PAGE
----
With so much misinformation, as well as deliberate disinformation campaigns by foreign agents and special interest groups, in our world today, the state Office of Information Practices urges all government agencies to do what they can to combat falsehoods and be the source of truth in government. One way to easily do this is by providing open data and accurate information on government websites, which might even help to reduce UIPA record requests to agencies.
This year, for example, there has been a lot of misinformation about election security, mail-in voting, voter registration, and voting deadlines. By going to the State Office of Elections’ website at https://elections.hawaii.gov/election-security/, people can learn about Hawaii’s election security measures and mail-in voting procedures, which verify voters, ensure voting secrecy, and accurately count ballots. Important deadlines for the November 3, 2020 general election can be found on the home page at https://elections.hawaii.gov/, including the recommended mailing deadline of October 27, as ballots need to be actually received, and not just postmarked, by November 3, 2020. If you miss the recommended mailing deadline, you can still deposit your mail-in ballot at various places listed on the Office of Elections website. Although the October 5 deadline has already passed for new voters to register online so that they receive their ballot in the mail, Hawaii residents who missed that deadline can still register and vote in person on the same day at a Voter Service Center from October 20 through the general election day, November 3, 2020.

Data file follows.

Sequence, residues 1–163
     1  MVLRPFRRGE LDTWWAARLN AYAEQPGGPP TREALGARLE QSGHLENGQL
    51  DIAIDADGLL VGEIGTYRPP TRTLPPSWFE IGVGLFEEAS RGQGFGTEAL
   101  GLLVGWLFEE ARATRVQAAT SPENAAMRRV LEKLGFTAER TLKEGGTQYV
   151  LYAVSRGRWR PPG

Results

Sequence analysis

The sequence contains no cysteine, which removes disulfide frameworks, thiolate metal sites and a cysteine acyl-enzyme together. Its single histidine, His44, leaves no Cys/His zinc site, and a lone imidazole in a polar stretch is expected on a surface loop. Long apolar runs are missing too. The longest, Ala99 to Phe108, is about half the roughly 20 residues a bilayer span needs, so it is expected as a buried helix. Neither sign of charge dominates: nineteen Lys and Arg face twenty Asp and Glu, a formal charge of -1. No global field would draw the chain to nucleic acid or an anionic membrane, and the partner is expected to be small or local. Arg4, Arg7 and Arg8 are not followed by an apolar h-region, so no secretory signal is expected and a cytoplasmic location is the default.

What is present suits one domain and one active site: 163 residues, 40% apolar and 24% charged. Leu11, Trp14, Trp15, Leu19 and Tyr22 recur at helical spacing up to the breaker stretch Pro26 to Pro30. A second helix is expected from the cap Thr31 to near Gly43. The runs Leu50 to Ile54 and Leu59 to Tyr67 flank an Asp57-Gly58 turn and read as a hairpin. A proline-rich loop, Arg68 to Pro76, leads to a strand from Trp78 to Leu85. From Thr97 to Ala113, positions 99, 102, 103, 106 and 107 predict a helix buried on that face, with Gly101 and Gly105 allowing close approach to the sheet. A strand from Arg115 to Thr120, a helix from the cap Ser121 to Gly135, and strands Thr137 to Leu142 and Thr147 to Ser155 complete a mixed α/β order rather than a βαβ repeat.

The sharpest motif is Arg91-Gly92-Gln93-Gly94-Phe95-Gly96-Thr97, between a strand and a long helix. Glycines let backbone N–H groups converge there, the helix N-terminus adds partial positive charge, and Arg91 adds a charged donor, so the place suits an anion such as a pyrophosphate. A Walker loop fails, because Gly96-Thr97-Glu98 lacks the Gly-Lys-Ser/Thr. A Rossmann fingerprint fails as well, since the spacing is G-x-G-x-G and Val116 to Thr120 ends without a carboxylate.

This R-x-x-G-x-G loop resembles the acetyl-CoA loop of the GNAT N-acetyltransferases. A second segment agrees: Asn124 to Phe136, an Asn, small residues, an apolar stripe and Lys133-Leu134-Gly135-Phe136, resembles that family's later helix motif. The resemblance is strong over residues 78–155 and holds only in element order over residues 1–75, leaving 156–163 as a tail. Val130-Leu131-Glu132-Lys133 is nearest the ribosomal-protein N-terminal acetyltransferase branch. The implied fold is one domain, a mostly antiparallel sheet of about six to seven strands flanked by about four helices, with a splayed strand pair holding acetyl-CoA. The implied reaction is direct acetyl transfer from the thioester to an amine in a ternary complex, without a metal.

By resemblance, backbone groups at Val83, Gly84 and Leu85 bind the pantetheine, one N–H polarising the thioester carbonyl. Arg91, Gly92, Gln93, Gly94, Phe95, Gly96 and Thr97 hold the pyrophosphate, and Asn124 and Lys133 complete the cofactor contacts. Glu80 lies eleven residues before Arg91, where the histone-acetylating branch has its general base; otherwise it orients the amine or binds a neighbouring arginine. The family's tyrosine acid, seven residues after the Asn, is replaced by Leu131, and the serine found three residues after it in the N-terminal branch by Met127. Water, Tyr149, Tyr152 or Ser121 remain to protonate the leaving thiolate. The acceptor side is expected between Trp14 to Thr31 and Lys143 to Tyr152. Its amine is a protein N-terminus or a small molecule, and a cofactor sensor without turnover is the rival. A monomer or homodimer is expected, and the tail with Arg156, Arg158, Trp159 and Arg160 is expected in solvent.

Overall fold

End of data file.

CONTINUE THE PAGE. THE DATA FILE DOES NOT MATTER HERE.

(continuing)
The public can do its part to combat misinformation by questioning what they read on social media and doing their own research from trusted sources. Government agencies need to earn the public’s trust by making accurate data readily available to the public. Let’s all do what we can to combat misinformation in a respectful and unbiased manner.